It’s a well known cliche that you cannot love others unless you love yourself. I’m not entirely sure about that one, but what I would like to add to that is that it’s incredibly difficult to accept love from others unless you can see yourself as lovable. How you frame your relationship with You is very important. Your relationship with yourself is the one relationship you will have access to every day of your life.
And it’s difficult to be friendly with yourself when you’re feeling bad. You may feel angry with yourself for experiencing pain or being sad. You may be regretful or guilty about decisions you’ve made. And all those feelings are acceptable and can be dealt with, but it’s really important to remember that YOU CANNOT HATE YOURSELF BETTER.
You can’t hate yourself into thinness, or happiness, or social comfort, or intelligence, or a higher salary, any more than you can beat a child into stopping crying. In fact hating yourself can only take an already crappy situation and make it feel ten times worse. In your times of need, you have most need of yourself. If you don’t value and support You, it is very difficult to accept support from others, because you feel so undeserving, and often almost ashamed of your need for support. Also, if you feel undeserving and devalue yourself, the people around you will pick up on that in a thousand unconscious, subtle ways and they will reflect that back to you. In short, if you believe that you are a fool, you will communicate that unknowingly all the time and people will respond to you as if you were a fool.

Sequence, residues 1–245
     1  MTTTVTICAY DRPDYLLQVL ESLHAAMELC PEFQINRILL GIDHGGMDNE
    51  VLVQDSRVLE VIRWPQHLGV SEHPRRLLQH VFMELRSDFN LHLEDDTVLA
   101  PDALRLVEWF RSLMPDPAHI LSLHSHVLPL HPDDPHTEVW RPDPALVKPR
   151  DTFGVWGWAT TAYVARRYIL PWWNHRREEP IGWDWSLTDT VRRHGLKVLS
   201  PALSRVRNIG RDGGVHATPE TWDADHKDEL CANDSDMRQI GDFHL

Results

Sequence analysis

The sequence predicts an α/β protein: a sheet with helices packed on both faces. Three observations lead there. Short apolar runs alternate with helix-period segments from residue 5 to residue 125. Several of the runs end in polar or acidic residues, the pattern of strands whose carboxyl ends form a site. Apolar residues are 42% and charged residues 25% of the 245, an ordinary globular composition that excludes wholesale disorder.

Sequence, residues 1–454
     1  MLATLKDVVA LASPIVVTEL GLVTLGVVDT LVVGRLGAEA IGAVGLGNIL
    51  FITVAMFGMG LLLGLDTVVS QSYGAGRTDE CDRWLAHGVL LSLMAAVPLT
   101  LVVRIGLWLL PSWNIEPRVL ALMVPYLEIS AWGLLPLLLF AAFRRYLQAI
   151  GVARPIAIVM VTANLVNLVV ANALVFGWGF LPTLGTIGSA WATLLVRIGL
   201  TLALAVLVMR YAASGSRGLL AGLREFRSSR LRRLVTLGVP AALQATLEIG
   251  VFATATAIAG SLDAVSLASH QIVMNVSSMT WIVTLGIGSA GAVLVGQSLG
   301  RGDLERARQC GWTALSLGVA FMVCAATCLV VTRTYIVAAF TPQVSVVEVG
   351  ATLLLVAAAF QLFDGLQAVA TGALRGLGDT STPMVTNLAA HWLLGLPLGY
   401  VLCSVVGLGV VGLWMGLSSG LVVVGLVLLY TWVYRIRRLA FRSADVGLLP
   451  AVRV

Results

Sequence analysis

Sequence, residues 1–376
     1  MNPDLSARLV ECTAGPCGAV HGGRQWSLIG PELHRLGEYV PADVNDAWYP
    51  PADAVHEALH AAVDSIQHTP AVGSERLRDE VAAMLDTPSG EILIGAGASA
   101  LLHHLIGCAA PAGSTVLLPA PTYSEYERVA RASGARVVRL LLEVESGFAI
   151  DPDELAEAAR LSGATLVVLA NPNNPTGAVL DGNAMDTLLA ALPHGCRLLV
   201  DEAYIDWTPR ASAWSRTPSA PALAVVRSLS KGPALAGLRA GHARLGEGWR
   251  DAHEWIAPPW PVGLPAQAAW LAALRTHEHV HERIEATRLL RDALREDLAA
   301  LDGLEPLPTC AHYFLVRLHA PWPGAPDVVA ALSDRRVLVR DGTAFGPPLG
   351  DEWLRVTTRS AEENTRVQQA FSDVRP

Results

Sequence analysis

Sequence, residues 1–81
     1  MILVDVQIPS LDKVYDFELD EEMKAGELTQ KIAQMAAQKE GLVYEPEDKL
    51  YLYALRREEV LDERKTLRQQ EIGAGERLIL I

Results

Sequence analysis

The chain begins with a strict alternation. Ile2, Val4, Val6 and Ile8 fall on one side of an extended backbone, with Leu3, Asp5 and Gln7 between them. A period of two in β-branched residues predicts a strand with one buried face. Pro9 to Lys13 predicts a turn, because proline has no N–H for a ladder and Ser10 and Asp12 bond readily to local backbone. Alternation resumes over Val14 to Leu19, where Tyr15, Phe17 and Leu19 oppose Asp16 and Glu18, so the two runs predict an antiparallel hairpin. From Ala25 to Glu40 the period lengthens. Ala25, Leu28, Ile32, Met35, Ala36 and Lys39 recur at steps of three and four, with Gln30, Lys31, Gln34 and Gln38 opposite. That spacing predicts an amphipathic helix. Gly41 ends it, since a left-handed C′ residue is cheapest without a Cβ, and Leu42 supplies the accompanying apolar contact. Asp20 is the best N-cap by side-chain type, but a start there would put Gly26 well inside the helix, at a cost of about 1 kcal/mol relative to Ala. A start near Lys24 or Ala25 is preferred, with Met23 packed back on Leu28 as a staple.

Acceptance means understanding and being OK with what it means to be human. You ARE human. You cannot deny this: there you sit, right now, in your chair, being human. And thing about being human is that we are imperfect. To accept that you are human is to accept that you are fallible.